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So, I know I’m like years behind.

But I just watched Food, Inc. for the first time. After seeing it, I am now committed to watching it at least once a year, so that I don’t forget the movie’s message.

Several years ago my friend Liz introduced me to author Michael Pollan.

Michael Pollan (who is featured in Food, Inc.) is one of the leading voices on eating wisely, ethically, and healthily. I devoured (har, har) his books “Food Rules”, “In Defense of Food”, and “The Omnivore’s Dilemma”. I have written about them here before, and I’ll probably mention them again at some point. After reading what Pollan had to say about the way we fat, unhealthy (yes, I’m generalizing) Americans eat, I committed to making changes in my diet.

And after time, the passion behind those decisions faded away. I look at the organic chicken at almost $9 to feed two people versus the regular chicken for $3 to feed two people, and my conviction starts to wane. I compare the price and longevity of organic spinach versus the regular old pesticide ridden spinach, and I grab the cheaper.

I go to the supermarket and load up on their weird tomatoes that were picked halfway around the world and shipped while they were still green rather than make an extra trip to the farmer’s market buy tomatoes. Those farmer’s market tomatoes are grown locally, pesticide free, and they taste exponentially better.

Guh.

Pollan states that we have a choice- to spend money now on better food for us, or we can spend money later on increased health care costs.

So now, I have watched Food, Inc. and my conviction in eating responsibly has been reignited.

Here in America, we have the opportunity to vote on how food is produced three times a day. It is one of the rare opportunities to voice our opinion on what matters to us every time we shop and eat. I know that I will be more conscious with every vote I make. And while your opinion on food may differ from mine, you have the opportunity to vote with every purchase you make at the grocery store.

If you haven’t seen Food, Inc. I implore you to check it out. There were scenes from industrial farms and slaughterhouses (nothing too graphic, I promise) that made me overwhelmingly sad and thoroughly disgusted. And then I realized… I’m voting for this treatment of animals and for this type of a manufactured farm system every time that I buy certain products in the grocery store.

And that doesn’t sit well with me.

At all.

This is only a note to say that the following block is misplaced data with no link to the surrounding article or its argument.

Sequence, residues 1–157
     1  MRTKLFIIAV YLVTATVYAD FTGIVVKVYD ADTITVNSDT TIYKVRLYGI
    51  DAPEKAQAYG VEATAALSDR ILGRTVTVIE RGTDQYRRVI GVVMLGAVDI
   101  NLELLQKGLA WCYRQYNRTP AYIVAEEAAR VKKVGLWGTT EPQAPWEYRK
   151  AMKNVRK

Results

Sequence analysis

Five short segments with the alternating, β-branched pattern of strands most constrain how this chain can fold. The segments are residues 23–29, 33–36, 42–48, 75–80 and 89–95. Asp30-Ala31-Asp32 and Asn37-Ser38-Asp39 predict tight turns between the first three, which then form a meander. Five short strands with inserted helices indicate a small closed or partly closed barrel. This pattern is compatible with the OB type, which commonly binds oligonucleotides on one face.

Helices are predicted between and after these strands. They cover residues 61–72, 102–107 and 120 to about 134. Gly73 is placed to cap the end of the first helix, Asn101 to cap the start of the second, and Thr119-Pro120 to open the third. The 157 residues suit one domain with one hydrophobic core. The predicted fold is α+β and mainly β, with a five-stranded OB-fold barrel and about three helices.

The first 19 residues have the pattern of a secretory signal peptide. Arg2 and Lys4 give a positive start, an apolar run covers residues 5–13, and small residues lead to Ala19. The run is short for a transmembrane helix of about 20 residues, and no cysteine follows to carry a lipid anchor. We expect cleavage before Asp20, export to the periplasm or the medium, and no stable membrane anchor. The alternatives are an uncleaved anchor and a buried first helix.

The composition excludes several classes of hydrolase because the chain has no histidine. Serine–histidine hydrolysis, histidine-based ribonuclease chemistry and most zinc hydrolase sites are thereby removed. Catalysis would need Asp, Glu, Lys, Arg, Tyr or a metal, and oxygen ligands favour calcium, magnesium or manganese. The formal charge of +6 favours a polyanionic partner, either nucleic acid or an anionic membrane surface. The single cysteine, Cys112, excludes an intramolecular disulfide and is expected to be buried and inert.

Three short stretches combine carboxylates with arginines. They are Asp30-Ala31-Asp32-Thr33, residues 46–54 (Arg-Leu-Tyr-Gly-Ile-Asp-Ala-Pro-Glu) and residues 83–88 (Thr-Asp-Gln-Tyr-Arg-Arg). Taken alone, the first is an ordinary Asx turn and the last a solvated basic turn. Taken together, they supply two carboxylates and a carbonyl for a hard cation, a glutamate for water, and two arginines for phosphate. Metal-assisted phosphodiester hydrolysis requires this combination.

So, change is a-comin’ for us.

If you watched this movie when it first came out, watch it again. It is worth your time.

Also, Pollan’s “In Defense of Food” is one of the best food books I have ever read- you should check it out.

Now, I shall step off of my soap box.

I love food. I love eating animals (I know it sounds cruel, but I do like meat). I love eating vegetables.

I want to be able to say that I love doing all of the above responsibly and consciously.

Today, I’m making a public commitment to take steps toward a more local, organic, healthy, and responsible diet.

Amen.

And amen.

XO,

Leah

Please.

Do yourself a favor.

Go borrow this book from the library.

Or buy it on the cheap from Amazon.

Or buy it brand new in a bookstore.

Or load it onto your Kindle.

And please do so immediately.

I read this highly recommended book (from a couple of trusted voracious readers in my life), and I tore through this true story in two days.

Unbroken is the true story of Louie Zamperini.

Louie (left) and his brother Pete.

Louie was an Olympic runner that joined the Air Force at the onset of World War 2. During a rescue mission, Louie’s plane went down and Louie and two other men were stranded at see for more than a month.

When the group finally reached land, the group found themselves on Japanese territory. They became Japanese POWs for the duration of the war.

This story. Oh, this story. It is the story of the power of the human spirit.

And it is the story of thousands of our grandparents and parents. To put a human story to the devastation of World War 2 completely altered my perception of the war. And it helped me gain a deeper understanding of the generation that lived through the war.

Along with The Diary of Anne Frank by Anne Frank and Night by Elie Wiesel, Unbroken is a MUST READ (in my humble opinion) to feel connected to the stories and people of World War 2. A visit to Pearl Harbor (I was there in 1998, 2006, and again just a few short months ago) also helps to paint a vivid picture of the experience of the beginning days of America’s involvement in the war.